forwardstl / flickr

A new report says Missouri's unemployment rate remained unchanged at 6.6 percent last month while employers expanded payrolls by a net of 3,700 jobs.

A state-run board has signed off on using tax credits to help cover the cost of renovating a museum on the grounds of the Gateway Arch.

The Missouri Development Finance Board voted via conference call Tuesday for up to $15 million in incentives, which would be used to cover half the cost of private donations that total around $30 million. Those donations and the incentives would go toward renovating the Museum of Westward Expansion beneath the Gateway Arch. 

Bailey Harbit / KBIA

A Call To Serve International sent their final shipment of aid to the country of Georgia Thursday, unless it can find other funding. ACTS has been sending aid to the country for 22 years through the U.S. State Department’s Operation Provide Hope. ACTS has sent medical supplies and books, baby quilts, wheelchairs and food to Georgia since 1992, when Georgia was cut off from resources provided by the former Soviet Union.

Hikers might see muddy streams and broken rock when they walk through Columbia’s Rock Bridge State Park. 

Ashley Reese / KBIA

The sudden closure of a downtown Columbia bar has set off speculation on social media and raised questions in the community. The Blue Fugue, located on S. 9th St. in Columbia,  has been a staple to the city’s music scene, hosting a variety of live bands and DJs, including its Friday night “Fire N Ice” Latin dance parties.

But the owners of the bar have yet to confirm that the venue has officially closed.

Marcus Qwertyus / Wikimedia Commons

  The Columbia Missourian announced it is dropping its paywall revenue model, replacing it with a new survey model. Readers will be able to access content -- and share it on social media -- after taking a short Google survey. Missouri School of Journalism faculty Amy Simons, Lynda Kraxberger and Jim Flink discuss the issue.

Area Southeast of Town Set for Rezoning

Jun 6, 2014
KBIA

Columbia residents might start noticing some changes in the land southeast of town.

The planning and zoning commission approved a zoning request from Crockett Engineering last night at City Hall.

The motion of approval will now be forwarded to the City Council.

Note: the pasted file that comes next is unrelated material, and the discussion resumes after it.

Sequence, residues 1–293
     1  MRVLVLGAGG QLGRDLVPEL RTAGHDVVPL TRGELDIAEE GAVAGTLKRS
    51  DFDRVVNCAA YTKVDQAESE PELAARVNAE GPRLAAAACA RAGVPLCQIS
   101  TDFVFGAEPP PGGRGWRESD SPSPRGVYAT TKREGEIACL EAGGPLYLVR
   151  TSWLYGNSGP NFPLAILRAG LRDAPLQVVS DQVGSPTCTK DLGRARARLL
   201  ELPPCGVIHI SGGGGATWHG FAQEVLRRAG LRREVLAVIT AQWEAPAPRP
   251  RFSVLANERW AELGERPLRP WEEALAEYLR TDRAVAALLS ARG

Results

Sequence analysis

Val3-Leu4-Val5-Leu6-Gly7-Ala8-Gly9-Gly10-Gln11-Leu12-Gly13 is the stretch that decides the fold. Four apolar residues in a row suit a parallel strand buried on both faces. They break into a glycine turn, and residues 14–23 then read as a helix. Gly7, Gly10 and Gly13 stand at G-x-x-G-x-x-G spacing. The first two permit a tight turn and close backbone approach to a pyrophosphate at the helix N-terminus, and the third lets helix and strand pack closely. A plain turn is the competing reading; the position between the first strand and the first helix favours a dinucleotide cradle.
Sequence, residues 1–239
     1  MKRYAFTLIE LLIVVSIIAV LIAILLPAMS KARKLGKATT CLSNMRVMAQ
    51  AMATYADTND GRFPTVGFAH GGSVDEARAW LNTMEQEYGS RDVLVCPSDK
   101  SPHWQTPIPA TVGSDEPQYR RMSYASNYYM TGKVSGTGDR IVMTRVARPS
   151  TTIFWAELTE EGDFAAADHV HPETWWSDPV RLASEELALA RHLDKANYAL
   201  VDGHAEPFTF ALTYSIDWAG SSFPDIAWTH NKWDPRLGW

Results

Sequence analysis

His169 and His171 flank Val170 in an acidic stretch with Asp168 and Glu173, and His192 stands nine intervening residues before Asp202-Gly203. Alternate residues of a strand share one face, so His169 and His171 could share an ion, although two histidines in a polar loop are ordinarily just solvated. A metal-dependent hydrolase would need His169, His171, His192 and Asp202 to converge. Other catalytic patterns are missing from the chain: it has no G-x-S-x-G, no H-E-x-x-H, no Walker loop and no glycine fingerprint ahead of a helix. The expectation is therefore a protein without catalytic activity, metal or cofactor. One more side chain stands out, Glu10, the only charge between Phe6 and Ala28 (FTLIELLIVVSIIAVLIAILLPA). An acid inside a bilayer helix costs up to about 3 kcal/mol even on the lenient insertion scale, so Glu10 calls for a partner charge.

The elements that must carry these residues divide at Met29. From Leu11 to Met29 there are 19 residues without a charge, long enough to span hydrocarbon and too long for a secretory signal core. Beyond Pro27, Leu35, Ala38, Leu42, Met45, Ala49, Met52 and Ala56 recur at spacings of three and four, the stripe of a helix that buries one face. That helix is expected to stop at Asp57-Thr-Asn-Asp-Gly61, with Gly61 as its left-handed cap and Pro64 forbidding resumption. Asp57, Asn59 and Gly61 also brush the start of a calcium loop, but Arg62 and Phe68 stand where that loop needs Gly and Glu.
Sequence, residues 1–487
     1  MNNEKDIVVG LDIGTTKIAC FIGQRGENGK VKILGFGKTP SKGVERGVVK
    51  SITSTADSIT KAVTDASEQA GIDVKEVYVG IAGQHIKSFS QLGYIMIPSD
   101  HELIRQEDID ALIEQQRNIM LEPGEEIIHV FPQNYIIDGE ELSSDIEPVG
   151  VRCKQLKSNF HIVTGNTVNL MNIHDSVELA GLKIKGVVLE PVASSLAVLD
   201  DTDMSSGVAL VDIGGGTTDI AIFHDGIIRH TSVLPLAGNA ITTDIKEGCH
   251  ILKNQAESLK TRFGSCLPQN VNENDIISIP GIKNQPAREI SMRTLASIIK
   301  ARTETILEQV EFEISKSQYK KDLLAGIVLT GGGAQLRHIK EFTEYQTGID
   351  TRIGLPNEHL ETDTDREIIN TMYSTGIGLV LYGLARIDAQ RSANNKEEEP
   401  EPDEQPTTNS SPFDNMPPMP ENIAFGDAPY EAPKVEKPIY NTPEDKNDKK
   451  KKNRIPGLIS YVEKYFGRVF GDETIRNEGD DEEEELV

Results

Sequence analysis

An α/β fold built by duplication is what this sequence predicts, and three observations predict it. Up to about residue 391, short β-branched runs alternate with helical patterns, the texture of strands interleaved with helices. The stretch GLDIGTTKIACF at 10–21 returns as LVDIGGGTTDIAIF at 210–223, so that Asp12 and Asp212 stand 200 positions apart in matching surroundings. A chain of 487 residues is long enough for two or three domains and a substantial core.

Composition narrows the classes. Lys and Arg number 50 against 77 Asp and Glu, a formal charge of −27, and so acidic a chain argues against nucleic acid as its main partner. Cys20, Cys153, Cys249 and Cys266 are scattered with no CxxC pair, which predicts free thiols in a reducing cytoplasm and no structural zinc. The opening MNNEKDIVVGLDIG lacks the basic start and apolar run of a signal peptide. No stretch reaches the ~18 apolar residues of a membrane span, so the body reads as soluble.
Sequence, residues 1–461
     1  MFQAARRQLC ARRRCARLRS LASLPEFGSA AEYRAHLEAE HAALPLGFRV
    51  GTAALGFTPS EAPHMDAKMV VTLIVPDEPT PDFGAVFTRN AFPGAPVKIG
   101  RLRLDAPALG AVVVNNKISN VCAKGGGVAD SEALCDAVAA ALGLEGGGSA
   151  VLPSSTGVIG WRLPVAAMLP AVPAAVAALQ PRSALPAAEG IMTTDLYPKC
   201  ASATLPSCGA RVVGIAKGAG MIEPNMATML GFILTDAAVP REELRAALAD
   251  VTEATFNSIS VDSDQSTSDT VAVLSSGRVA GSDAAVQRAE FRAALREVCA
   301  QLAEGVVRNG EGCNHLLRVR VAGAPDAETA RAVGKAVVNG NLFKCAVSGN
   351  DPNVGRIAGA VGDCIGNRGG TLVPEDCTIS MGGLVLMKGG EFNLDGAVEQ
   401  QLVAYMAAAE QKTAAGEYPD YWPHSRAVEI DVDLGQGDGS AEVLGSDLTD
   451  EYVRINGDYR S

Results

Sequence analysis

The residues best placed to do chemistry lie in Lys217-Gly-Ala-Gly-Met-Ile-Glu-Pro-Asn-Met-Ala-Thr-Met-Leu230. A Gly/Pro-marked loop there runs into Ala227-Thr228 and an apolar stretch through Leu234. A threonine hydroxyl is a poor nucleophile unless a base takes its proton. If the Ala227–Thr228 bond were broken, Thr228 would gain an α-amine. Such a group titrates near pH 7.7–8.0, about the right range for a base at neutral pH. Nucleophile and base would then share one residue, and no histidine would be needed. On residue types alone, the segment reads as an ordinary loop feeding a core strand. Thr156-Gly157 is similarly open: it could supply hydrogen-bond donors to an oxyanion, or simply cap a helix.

The request asked the city to annex roughly 130 acres of mostly woodlands at the southeast corner of Route K and Old Plank Road.

Crockett applied for permanent zoning for the land for a large one-family dwelling district and a planned unit development.

Missouri Innovation Center CEO announced

Jun 5, 2014
Missouri Innovation Center

The Missouri Innovation Center has appointed a new leader. The MIC hired Bill Turpin as president and CEO to take over for retiring CEO Jake Halliday June 23. 

St. Louis Arch
paparutzi / Flickr

A secret government agency that helped coordinate the hunt for Osama bin Laden plans to build a new facility in the St. Louis area to replace its aging home south of downtown.

Columbia Missourian to drop paywall, move to surveys

Jun 4, 2014
columbiamissourian.com

The Columbia Missourian has ended its 24-hour viewing paywall and moved on to a new survey format created through a program by Google.

Jim Bowen / Flickr

Missouri appears increasingly likely to finish its budget year with less revenue than had been expected.

City of Columbia Files Eminent Domain Request

May 28, 2014

 

  The city of Columbia wants to expand Columbia Regional Airport, but one landowner is refusing  to sell some of the land the airport needs. The city requires 58 acres to expand the runways at Columbia Regional. They successfully came to terms to purchase 53 acres from other owners.  

We are in the midst of a realignment in the global economy, a new machine age in which technology is disrupting nearly every industry in the world. And who are the hot young stars of this great realignment?

Delta airplane
Pylon757 / Flickr

The city of Columbia has filed a petition for eminent domain to acquire about 5 acres of farmland it needs to extend the main runway at the Columbia Regional Airport.

Assistant City Counselor Cavanaugh Noce says the city was unable to negotiate a selling price with the trustee of a fund that owns the land northeast of Columbia.

The Columbia Daily Tribune reports the parcel is part of about 58 acres the city is acquiring for the project. The city has been able to negotiate a selling price with the owners of the rest of the land.

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forwardstl / flickr

Crews have removed about 18,000 tons of contaminated soil from a downtown Columbia site contaminated with possible carcinogens from a former manufactured gas plant.